Newer JVC's RS46 - x35 | RS48 - x55 | RS56 - x75 | RS66 - x95 LCOS = You value 2D movies and black levels and sharpness over and beyond the JVC's dimmer 3D and not quite as clean 3D quality. Some have said that by combining a Sony bdp-s790 Bluray Player with a JVC, you can get something very close to the RC-sharpening algorithm that comes with the Sony. Hence, get an even sharper looking image with the JVC over the Sony, since the JVC's are natively sharper. The JVC's (the Mits hc5, and the DLP - Sharp xvz-30000) are just about the only ones that provide fully motorized controls in the sub-$4,000 projector market (at least from this list). Sharpness does partly still depend on convergence, but most JVC's are excellent (Click Here to see JVC vs. Benq Sharpness). Gaming lag is not going to be as good as the Sony (JVC has 70+ ms lag). If choosing a JVC, you also should not really need an "Ambient Light" or brightest "living room" mode like some of the other PJ's have, but you care more about calibrated lumens for the darkened home theater experience. All of the JVC's from this year's models have Lens Memory for CIH/2.40 if you happen to own a CIH screen. The JVC is my personal favorite out of this list, but everyone has different needs. The lowest end of the JVC's, the RS-46 model does not come with a CMS or E-shift, but you can still calibrate gray-scale and gamma even on this mode. The RS-48 and higher models come with E-shift 2, a pseudo upscaling method that gives the illusion of a higher pixel fill and resolution. Even without these features, the RS-46 is still a very nice projector, but if you have the cash then the RS-48 and higher models are a little better.

 

Mitsubishi hc9000d / hc5 = A projector similar to the JVC line, but with Sony panels, and seems to be a little less sharp compared to the RS-45/RS-46. Like the JVC lines, it has fully motorized controls. Though I think the RS-48/4810/55/56/66 are probably a better contender vs. it due to the JVC's e-shift. One BIG advantage of the Mitsubishi hc9000d is the huge amount of lens shift, similar to the Epson LCD's. I cannot recall another LCOS projector ever having this much lens shift (though there may have been one). Also, the hc9000d seems to process the image a tad better than the lower-end JVC's. I did not get to spend any significant time in 3D, but this projector is definitely not a top contender for 3D content (near last place due to high amount of 3D crosstalk).


Panny 7000/8000 LCD = You want CIH like the JVC's but lower gaming lag (30-35ms instead of JVC's 70-80ms), and you are not as critical on 3D as other things. You are also not as OCD on the sharpness as some in here are. You may also appreciate or like the SmoothScreen tech for the more invisible pixel fill vs. the Epson (the Panny looks more LCOS like slightly), especially if you sit VERY close to the screen (say 1.1x or less screen width). The Panny doesn't have fully motorized controls like the JVC or Sharp DLP, but it is more similar to the Mits hc8000 in how it accomplishes CIH resizing. The Panasonic projectors can be a little more troublesome to calibrate than some, and LCD's also have been known to have poorer white-field uniformity (if you look at a field of snow, the very left side might be a different tint than the right side).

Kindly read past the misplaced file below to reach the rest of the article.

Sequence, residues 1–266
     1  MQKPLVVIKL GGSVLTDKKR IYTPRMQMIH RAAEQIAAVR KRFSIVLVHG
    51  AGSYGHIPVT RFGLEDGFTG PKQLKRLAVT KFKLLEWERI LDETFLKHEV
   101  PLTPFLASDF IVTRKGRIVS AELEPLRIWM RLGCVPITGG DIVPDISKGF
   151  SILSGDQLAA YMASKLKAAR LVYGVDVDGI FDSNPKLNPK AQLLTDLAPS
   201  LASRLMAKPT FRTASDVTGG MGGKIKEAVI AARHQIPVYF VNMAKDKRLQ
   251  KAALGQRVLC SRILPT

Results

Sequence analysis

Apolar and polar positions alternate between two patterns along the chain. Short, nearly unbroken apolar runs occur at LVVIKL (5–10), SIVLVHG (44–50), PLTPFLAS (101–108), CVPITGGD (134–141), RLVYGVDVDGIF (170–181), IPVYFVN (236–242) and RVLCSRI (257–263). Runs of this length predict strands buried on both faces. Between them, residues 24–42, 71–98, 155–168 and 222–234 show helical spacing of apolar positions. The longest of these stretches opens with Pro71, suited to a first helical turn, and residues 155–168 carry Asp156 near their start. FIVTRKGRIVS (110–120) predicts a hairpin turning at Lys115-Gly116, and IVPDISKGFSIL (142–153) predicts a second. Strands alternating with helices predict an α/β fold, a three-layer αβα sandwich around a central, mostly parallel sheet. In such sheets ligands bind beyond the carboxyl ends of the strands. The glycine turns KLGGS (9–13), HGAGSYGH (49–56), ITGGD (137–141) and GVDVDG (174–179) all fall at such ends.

Epson 5010 / 6010 / 5020 / 6020 LCD = You are a fan of LCD tech, you like an image that has a lot of POP in closeups (almost shimmering), but you do not need CIH or Lens Memory. You don't mind losing some of the smoother film-look compared to LCOS or the Panny. You like having a huge range in brightness for 3D and 2D, with good 3D quality, but you are not willing to sacrifice lower black levels of the Benq w7000 just to get purist 3D. You want the absolute best 3D experience that an LCD can give, but it is still a step below the Benq and DLP 3D as far as a lack of 3D ghosting (though the Epson has VERY little ghosting until the lamps start to age, as the lamps age the ghosting increases and this is a symptom of all NON-DLP 3D projectors AFIK).. I listed the 5010 and 6010 in here as well because you can sometimes find them for about $300 to $500 cheaper than the newest models without really giving up that much, the newer ones are incremental upgrades at best.

Benq w7000 DLP = You are a 3D purist, and you strive for one of the better 3D experiences possible with the use of DLP Link (RF is however better). The Optomas now produce better 3D than the Benq however, but the Benq has more flexible placement setup with lens shift and the fact its lens shift is center-based. You also love sharpness and MIGHT do some gaming, but do not care as much about black levels or the movie experience as you do about 3D, sharpness, Sports, TV, etc... This also works great for 3D in giant screens with an HP (the Sony and Epson do as well, but the Benq is the 3D purist projector except for blacks). No lens memory or CIH rescaling for 2.35 screens. The Benq and JVC's provide the highest NATIVE sharpness of them all, especially noticeable on HTPC text or documentaries, though some might think DLP appears sharper than LCOS in video. The color on the Benq is excellent and the projector is very easy to calibrate, likely out of this list only the Sony beats the accuracy of the Benq's color, but overall it's close enough not to really matter.